Okay, readers: I seriously need to vent. I have gotten SO sick of some of the anti-gay BS I've seen lately. Much of this is actually embodied in the very words people use. Even when people aren't trying to take away our rights under the guise of religious freedom (AHEM, Indiana), they're carelessly tossing out words that are hurtful to gay people. There are dozens of them, but I'm just going to list a few that have been getting under my skin lately.
Gaelic: Supposedly "Gaelic" is a group of languages associated with Celtic culture and history. But it's hard to deny that the root word in "Gaelic" is "gay." Even though the term "gay" didn't exist hundreds of years ago, it exists now, and associating homosexuality with an ancient language is NOT okay--as if homosexuality is ancient and somehow not "valid."
Homogenize: This deceptively innocuous word means "a process in which the fat droplets are emulsified and the cream does not separate." "Emulsion" means "a mixture of two liquids that can't be completely blended together." Which makes it sound like homosexuals cannot, in fact, be mixed--like our relationships are not valid. Same deal as the word "Gaelic." I'm sick of it!
Daikon: A "daikon radish" is a vegetable, but the way it's pronounced is "dyke-con." True, I may say the word "dyke" from time to time, but I don't want OTHER people to say it, especially when they're referring to a flavorless vegetable shaped like a phallus.
The Queen of England: Okay, Great Britain, it's 2015. While it's nice that you have a name for your female figurehead, the term "queen" is now used in common parlance to mean effeminate gay men of a certain type. Continuing to use it to refer to the original "Queen," the Queen of England, robs the gay community of a valuable cultural reference point.
The Tooth Fairy: My objection to this outdated name for the fictitious winged creature is similar to my objection to the Queen of England. Shouldn't we drop this term before children begin thinking that little gay men are flying under their pillows and stealing their bicuspids?
Heeheeheeheehee.... April Fool's! If you believed this, I got ya! Happy April first, dear readers.
And apologies to the Queen.
After I posted the initial "butches at work" slideshow, I received 70 more photos of butches working in various occupations! So revised the slideshow, mixing all the pics together in random order. Here are just a FEW "teaser" images from it:
If you think these are cool, or if you want to find out what these butches do for a living, you've GOT to check out the new, revised slideshow in the post below!
A slideshow of over 150 butches doing ALL kinds of jobs. Firefighters, professors, machinists, nurses, lawyers, scientists, builders... The list goes on and on! I find it incredibly cool to see the breadth of the occupations we're all in. As one reader told me when she sent me her picture, it was "great to see so many faces I don't know, but recognize still."
I've been feeling a little off-kilter lately, dear readers. A close friend just lost her brother, my grandmother had a medical scare, and my very healthy aunt (who's only in her 50s) had a heart attack--all in the same week. These are the kinds of things that give me pause and make me wonder: if I died today, what would the point of my life have been?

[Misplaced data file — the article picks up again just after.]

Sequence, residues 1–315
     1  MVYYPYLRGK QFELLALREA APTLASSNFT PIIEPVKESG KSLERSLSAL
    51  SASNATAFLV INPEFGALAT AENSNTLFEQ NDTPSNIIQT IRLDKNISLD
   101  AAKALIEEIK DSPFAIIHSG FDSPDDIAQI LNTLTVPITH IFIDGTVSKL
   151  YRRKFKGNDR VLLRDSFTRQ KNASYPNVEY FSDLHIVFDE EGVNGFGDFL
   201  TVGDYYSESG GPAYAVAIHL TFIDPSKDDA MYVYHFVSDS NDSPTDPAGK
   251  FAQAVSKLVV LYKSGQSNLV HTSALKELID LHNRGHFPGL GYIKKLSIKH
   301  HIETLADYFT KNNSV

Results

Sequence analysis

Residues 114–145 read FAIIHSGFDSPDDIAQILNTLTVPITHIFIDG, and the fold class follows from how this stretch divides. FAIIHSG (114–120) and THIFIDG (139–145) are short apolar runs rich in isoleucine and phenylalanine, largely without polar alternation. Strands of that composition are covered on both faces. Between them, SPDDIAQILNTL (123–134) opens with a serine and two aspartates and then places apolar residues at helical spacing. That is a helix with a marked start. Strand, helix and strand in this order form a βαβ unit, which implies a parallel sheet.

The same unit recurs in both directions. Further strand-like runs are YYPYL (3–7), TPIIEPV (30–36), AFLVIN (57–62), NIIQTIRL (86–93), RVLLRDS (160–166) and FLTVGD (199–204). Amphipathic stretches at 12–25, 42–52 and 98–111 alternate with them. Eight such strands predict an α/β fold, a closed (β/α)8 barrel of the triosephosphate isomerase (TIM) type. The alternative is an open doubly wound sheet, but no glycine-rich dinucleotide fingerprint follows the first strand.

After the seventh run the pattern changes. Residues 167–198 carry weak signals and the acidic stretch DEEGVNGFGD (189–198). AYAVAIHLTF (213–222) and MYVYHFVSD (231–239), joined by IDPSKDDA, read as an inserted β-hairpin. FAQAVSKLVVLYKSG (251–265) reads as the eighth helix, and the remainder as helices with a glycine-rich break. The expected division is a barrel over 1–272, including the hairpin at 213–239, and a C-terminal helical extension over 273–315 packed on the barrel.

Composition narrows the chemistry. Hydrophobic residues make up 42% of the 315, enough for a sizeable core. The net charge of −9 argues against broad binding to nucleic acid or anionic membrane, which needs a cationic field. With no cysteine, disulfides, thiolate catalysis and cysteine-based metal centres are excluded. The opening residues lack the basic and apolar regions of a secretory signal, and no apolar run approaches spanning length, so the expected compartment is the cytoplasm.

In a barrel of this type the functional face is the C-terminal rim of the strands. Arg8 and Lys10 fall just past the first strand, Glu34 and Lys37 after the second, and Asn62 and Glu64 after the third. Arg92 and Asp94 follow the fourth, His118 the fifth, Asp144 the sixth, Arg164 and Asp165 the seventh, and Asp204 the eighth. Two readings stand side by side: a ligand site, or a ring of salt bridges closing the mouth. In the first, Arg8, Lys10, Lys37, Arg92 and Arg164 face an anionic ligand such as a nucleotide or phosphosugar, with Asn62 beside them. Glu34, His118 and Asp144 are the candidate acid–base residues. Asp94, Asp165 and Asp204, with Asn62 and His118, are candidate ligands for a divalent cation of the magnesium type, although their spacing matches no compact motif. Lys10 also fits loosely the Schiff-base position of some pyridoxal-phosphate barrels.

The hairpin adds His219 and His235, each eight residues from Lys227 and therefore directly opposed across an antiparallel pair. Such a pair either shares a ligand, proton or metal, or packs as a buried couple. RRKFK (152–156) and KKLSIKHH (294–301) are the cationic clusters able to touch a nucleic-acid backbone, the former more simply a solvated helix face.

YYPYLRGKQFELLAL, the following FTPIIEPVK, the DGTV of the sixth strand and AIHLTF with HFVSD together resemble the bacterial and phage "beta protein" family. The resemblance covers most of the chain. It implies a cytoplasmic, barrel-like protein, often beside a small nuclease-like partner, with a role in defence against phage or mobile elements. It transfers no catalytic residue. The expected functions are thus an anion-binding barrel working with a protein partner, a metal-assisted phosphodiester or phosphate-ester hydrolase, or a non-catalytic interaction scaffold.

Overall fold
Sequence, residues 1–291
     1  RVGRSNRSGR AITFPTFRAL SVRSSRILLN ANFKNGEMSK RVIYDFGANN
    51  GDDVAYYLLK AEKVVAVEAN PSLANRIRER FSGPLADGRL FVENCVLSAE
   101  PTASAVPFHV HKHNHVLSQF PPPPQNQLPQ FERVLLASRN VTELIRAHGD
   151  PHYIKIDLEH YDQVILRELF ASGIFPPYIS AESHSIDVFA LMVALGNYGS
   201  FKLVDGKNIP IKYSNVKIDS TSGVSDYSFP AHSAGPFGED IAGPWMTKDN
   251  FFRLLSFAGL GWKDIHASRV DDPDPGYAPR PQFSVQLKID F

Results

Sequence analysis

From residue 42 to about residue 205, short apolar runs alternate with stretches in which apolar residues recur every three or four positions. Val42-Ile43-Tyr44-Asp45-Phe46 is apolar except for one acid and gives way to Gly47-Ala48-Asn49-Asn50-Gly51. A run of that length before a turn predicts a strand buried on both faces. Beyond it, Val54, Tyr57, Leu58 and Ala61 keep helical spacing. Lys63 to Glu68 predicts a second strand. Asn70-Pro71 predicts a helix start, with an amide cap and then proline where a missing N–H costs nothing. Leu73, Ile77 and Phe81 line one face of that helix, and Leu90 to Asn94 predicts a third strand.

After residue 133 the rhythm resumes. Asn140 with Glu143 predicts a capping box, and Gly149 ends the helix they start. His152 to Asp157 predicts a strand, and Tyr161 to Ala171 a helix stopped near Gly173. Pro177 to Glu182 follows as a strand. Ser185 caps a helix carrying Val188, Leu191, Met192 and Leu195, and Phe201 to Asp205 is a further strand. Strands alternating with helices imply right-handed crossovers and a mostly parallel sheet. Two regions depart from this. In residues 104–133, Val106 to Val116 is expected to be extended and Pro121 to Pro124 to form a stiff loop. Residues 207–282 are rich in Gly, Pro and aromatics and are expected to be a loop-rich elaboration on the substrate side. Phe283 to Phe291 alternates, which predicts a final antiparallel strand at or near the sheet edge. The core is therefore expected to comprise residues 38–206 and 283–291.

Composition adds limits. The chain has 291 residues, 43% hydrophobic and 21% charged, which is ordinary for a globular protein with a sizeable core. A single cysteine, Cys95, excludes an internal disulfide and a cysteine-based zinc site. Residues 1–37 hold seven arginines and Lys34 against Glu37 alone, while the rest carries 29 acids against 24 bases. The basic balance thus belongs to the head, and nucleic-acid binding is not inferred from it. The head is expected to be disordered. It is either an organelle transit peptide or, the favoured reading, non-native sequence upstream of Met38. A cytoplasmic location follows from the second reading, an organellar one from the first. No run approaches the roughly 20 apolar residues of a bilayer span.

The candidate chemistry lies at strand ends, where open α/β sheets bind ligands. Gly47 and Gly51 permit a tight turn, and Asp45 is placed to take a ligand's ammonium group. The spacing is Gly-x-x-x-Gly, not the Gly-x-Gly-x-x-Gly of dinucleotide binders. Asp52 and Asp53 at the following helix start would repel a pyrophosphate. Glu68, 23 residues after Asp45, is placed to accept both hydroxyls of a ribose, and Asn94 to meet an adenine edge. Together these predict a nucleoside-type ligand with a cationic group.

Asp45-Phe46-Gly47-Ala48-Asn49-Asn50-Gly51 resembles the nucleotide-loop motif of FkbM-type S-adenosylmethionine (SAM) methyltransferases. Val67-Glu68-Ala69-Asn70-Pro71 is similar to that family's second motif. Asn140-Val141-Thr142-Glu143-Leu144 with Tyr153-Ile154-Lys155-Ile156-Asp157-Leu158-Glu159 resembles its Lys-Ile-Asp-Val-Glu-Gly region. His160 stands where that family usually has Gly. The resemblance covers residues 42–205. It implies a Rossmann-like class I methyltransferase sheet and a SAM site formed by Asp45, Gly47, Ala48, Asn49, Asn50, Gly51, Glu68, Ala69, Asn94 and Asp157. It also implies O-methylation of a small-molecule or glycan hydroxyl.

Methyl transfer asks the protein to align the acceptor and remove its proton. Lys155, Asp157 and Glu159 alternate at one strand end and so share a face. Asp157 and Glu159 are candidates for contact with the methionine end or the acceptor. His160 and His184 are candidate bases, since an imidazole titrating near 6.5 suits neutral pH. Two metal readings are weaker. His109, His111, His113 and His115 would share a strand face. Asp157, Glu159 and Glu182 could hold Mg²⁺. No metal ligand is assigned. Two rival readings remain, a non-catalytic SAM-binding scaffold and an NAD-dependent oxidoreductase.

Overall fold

(Maybe I'm thinking about all this stuff because I'm down with another cold, and when I'm sick, I feel vulnerable.)
Maybe it sounds trite, but when I think of the lives of the three people I mentioned above, they've all had various effects on me, small and large, even though one of them (my friend's brother) I never met. They've all brought some measure of joy to my life, and I am grateful for that. This made me wonder: do I bring joy to anyone? If so, is that enough for me to feel like I've lived a useful life? I like my work and think it's useful, but it's useful in an attenuated way rather than an immediate one. It's not like I'm not a pathbreaking cancer researcher or an EMT or an organizer for social justice.
My DXH (that's Dear Ex-Husband) and I used to have a conversation wherein he would talk about how he just wanted to keep his own little corner of the world clean--to make an impact on a local level and help those around him. I would tell him that for me, that wasn't enough--that I needed to have a bigger impact or I'd never feel like my life had been useful. Ironically, he's now in a job where he has very clear, large-scale positive impact, and I am not. At the same time, I don't think either of us has regrets about our career choices.
My DP (Dear Partner, to whom I've formerly referred as my DGF, but "girlfriend" feels a little too trite, I've decided, so she's henceforth DP) and I talk about this, too. She wonders whether she's having enough positive impact on the world. This is a woman whose quirky jokes can instantly brighten a room, who has volunteered for disaster relief, and who has informally mentored others in her workplace. I find it mind-boggling that she could even begin to question her own positive impact. Yet I question my own, so I understand.
If I'm quietly content to live out my life helping others where I can, bringing joy to people in conversations and maybe occasionally through my writing, is this a life well lived? If I spend a lot of my time cultivating a kind of inner contentment through gardening, drawing, and other solo pursuits, does that denote zen-like virtue, or is it a cop-out?
I don't think other people have any particular obligation, but I haven't yet decided what kind of standard I'll hold myself to. I just know that I want to be accountable.
Does anyone else ever struggle with this?
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